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TLDR:

In light of the fact that this closed-form appears to apply to the weights of the final layer (or a simple two-layer network), How does one relate it to algorithmically finding the cost gradient with respect to previous layers?

The solution found in this online book works well: http://neuralnetworksanddeeplearning.com/chap2.html#the_backpropagation_algorithm

However, the cost function used is MSE in the examples and does not have the problem of divide by zero that is introduced by the derivative of binary cross entropy loss. A good mentor suggested adding a small constant to the denominator, which solved my problem in practice. However, I'm hoping for the sake of simplicity to find a closed form.

Mathematical Context:

This answer to a question on backpropagation implies a closed form for the gradient of a cost function wrt a weight matrix. However, it appears to me that this answer is incorrect in that it refers only to either a nerual network with only two layers (input and output), or at best a deep neural network, but only applied to the final layer.

To illustrate my question, I have altered the answers notation to add indices for clarity on the relationship between one layer and the next. Additionally, the author uses $X$ as a matrix presumably defined by the input of the neural network. I have replaced $X$ with $\mathbf{z}$ to generalize the input of any layer $i = 1 \dots L$. One could consider $X^T = \mathbf{z}_0$ (when X is in wide data form).

\begin{align} \mathbf{h}_i &= W_i\mathbf{z}_{i-1} \\ \mathbf{z_i} &= \sigma(\mathbf{h}_i) \\ \sigma(\mathbf{h_i}) &= \frac{1}{1 + e^{-\mathbf{h}_i}}\\ J(W) &= -\mathbf{y}\log(\mathbf{z}_L) - (1 -\mathbf{y})\log(1-\mathbf{z}_L) \end{align}

Here, $L$ refers to the index of the last layer, so $\mathbf{z}_L$ is the probability determination of the neural network.

Now, if I wish to compute the gradient of weight matrix $W_L$ then we can follow the author's logic and use the chain rule: $$ \frac{\partial{J}}{\partial{W_L}} = \frac{\partial{J}}{\partial{\mathbf{z}_L}} \frac{\partial{\mathbf{z}_L}}{\partial{\mathbf{h}_L}} \frac{\partial{\mathbf{h}_L}}{\partial{W_L}} $$

Which is indeed just equal to $$ \mathbf{z}_{L-1}(\mathbf{z}_L - \mathbf{y}) $$

Or if there are only two layers (only one weight matrix):

$$ \frac{\partial{J(W)}}{\partial{W}} = \mathbf{X}^T (\mathbf{z}-\mathbf{y}) $$

However, this statement does not seem true to me in general, and so when writing code I cannot substitute the above into the below for an arbitrary matrix $W_i$, as the author seems to be implying:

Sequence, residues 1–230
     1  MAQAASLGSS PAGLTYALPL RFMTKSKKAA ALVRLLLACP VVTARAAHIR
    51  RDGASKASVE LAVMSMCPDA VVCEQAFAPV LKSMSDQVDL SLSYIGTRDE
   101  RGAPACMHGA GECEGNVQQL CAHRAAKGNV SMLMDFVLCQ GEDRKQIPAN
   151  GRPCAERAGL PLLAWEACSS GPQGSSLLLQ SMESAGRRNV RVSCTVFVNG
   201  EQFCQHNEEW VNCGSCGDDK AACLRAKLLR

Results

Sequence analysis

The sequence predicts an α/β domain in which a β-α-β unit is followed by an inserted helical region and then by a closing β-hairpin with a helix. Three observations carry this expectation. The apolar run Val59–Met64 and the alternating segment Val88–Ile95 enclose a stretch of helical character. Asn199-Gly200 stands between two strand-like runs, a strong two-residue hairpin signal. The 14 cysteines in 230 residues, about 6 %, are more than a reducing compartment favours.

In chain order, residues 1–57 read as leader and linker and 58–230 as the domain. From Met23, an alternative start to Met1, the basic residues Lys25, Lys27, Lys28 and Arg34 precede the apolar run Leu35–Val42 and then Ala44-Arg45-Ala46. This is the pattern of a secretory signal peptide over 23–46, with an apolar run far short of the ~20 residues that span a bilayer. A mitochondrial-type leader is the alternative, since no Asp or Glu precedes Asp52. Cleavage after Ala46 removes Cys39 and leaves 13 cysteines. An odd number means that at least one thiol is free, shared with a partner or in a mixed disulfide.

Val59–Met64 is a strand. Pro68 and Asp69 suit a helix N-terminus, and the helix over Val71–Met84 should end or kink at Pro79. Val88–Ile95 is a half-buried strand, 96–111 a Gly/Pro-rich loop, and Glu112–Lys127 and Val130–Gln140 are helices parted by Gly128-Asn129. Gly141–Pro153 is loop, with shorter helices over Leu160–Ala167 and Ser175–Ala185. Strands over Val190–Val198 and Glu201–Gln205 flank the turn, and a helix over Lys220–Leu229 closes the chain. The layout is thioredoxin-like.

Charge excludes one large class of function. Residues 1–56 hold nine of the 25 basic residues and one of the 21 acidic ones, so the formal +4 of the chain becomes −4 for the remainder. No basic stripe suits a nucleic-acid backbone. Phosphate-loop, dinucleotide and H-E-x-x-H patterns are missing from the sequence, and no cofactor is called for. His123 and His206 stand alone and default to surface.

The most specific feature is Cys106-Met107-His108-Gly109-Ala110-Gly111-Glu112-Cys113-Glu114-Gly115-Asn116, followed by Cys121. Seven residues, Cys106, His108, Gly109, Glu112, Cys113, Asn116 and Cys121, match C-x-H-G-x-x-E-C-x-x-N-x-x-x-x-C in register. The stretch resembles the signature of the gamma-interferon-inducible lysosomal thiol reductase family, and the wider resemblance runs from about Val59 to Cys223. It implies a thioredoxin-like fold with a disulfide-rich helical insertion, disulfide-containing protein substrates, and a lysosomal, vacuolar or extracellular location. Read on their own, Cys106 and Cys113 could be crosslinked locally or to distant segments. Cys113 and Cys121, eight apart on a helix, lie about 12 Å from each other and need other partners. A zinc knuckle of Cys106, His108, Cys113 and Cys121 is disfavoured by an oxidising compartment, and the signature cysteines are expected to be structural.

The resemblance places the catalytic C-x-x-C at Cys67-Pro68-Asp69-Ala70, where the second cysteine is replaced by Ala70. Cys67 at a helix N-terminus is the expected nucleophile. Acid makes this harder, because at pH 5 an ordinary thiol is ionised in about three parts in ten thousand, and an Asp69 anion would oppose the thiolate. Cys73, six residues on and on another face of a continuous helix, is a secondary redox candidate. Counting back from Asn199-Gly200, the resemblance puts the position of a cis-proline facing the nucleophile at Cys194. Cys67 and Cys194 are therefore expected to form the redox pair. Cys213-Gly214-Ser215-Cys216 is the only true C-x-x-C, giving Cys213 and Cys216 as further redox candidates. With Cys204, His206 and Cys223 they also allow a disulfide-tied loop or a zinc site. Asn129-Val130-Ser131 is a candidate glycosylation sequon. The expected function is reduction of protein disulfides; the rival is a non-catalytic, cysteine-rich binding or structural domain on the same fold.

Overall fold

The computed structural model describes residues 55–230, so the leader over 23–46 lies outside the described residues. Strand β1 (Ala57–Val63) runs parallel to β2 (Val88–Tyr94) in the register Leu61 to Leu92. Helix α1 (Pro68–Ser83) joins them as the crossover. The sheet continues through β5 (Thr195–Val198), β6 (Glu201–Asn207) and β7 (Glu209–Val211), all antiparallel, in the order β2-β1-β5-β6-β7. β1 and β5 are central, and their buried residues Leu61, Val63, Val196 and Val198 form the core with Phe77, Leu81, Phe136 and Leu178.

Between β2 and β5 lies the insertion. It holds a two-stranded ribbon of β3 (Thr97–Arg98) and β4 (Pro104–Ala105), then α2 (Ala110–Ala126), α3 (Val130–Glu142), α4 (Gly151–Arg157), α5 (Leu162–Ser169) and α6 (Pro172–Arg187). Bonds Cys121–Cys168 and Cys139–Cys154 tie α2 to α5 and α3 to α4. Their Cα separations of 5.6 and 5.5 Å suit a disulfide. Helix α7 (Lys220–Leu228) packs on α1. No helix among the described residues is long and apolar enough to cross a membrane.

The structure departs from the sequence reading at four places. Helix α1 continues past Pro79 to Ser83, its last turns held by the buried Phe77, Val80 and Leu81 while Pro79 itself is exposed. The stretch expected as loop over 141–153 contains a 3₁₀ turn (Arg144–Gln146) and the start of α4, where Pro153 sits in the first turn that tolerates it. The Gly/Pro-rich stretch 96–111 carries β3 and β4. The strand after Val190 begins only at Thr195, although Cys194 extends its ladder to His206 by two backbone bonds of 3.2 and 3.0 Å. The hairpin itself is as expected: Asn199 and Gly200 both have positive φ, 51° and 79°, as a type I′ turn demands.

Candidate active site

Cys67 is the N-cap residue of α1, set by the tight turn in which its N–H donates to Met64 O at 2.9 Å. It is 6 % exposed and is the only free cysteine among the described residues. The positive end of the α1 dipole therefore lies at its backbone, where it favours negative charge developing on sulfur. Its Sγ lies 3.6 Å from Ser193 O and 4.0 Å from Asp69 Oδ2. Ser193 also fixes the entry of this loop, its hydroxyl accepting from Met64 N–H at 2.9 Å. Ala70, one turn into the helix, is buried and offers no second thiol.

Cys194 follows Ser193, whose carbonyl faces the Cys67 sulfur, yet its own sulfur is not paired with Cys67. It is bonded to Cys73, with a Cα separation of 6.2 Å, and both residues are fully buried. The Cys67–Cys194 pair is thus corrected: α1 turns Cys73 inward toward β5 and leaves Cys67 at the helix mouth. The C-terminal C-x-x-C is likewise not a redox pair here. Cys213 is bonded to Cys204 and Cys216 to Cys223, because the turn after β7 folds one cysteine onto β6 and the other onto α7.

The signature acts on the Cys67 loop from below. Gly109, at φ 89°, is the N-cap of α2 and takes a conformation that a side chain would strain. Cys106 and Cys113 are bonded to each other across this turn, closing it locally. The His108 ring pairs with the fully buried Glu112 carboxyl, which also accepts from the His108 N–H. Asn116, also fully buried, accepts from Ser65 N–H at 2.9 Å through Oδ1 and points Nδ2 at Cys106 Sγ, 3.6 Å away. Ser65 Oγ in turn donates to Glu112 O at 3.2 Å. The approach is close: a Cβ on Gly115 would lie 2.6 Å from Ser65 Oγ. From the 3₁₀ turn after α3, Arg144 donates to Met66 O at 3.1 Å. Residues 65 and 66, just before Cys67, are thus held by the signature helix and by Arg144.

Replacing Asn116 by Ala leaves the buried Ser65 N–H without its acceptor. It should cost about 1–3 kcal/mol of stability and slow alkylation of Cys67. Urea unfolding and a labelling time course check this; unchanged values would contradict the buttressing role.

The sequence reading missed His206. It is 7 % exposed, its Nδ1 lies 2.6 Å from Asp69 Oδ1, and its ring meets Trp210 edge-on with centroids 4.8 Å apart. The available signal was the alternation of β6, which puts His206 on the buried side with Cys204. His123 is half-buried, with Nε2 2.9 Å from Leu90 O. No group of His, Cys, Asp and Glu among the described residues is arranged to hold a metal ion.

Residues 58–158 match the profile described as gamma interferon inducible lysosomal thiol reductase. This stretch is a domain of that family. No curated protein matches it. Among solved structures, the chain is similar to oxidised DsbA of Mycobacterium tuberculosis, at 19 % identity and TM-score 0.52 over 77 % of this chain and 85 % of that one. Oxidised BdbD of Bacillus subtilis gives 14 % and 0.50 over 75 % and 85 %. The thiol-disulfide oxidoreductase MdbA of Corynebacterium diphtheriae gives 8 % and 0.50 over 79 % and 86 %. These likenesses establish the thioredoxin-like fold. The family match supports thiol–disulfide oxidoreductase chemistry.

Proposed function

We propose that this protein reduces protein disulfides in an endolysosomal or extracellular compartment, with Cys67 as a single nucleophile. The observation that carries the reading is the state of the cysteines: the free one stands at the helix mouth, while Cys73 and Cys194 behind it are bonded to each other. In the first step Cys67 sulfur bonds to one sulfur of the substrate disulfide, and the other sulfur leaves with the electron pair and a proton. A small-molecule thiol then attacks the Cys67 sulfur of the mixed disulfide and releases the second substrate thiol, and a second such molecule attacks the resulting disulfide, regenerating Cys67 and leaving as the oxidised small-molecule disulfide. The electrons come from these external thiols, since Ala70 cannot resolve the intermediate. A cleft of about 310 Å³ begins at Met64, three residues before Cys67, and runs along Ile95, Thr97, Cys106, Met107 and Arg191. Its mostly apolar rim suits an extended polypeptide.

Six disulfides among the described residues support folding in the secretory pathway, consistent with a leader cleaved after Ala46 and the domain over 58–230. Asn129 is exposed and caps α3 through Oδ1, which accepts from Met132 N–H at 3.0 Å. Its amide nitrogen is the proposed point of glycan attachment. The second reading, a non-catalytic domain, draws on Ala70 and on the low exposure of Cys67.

$$ W = W - \alpha \frac{\partial{J(W)}}{\partial{W}} $$

To show why this doesn't make sense to me, imagine wanting to calculate the gradient of the second to last weight matrix $W_{L-1}$. Then the chain rule becomes:

$$ \frac{\partial{J}}{\partial{W_{L-1}}} = \frac{\partial{J}}{\partial{\mathbf{z}_L}} \frac{\partial{\mathbf{z}_L}}{\partial{\mathbf{h}_L}} \frac{\partial{\mathbf{h}_L}}{\partial{\mathbf{z}_{L-1}}} \frac{\partial{\mathbf{z}_{L-1}}}{\partial \mathbf{h}_{L-1}} \frac{\partial \mathbf{h}_{L-1}}{\partial W_{L-1}} $$

As you can see, the chain has grown, and when you compute the individual terms of the product, the final result no longer has the same closed form.

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  • $\begingroup$ Sorry -- I got a little confused about what your question actually is. Are you asking how one would backpropagate gradients to previous layers, or are you trying to find a general closed form for some arbitrary layer, or somerthing else? You're correct in that the other answer derives these equations for a single hidden layer NN; but your math and reasoning is correct, so I'm unsure what your question is. $\endgroup$
    – tchainzzz
    Jun 8 '20 at 21:03
  • $\begingroup$ @tchainzzz In different words, the question is: If I have $dJ/dW_L$ where $L$ is the index of the last layer, how do I use it to find $dJ/dW_{L-1}$? One way that I have found is in the linked online book, but there are issues when trying to use it with binary cross-entropy (divide by zero when the sigmoid function is close to $\hat{y}=1$ or 0). This is because $dJ/d \hat{y} = (\hat{y} - y) / (\hat{y}(1 - \hat{y}))$ $\endgroup$ Jun 8 '20 at 21:37
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Let me try to address a couple of your concerns:

  1. The divide-by-zero issue.

In practice, this doesn't actually happen. Yes, $dJ/d\hat{y} = (\hat{y} - y)/(\hat{y}(1-\hat{y}))$, but you only end up dividing by zero if $\hat{y} = 1$ or $0$, as you've pointed out, which can't happen since $\hat{y} = \sigma(z)$ (where $z$ is the output of the preceding layer), and $\sigma(z)$ has image $(0, 1)$.

  1. Finding $dJ/dW_L$ for an arbitrary layer.

It is true that you use the chain rule as you've demonstrated above; however, you don't use $dJ/dW_{L+1}$ to find $dJ/dW_L$, because no term equivalent to $dW_{L+1}/dW_L$ ever shows up in backpropagation (to see why, draw out the computation graph for a small neural network and see how the gradients propagate). Yes, the final result will no longer have exactly the same closed form.

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  • $\begingroup$ I have found that the divide by zero does happen due to finite precision of floating-point numbers, and it causes outputs of infinity quite easily when the neural net is very sure of its predictions. The only way around this so far has been to add a very small constant to the denominator. I was looking for a more elegant solution, but it might not exist. And you did answer one question well by saying there is no direct formulation to get to dJ/dW from one layer to the next. thanks! $\endgroup$ Jun 8 '20 at 22:57

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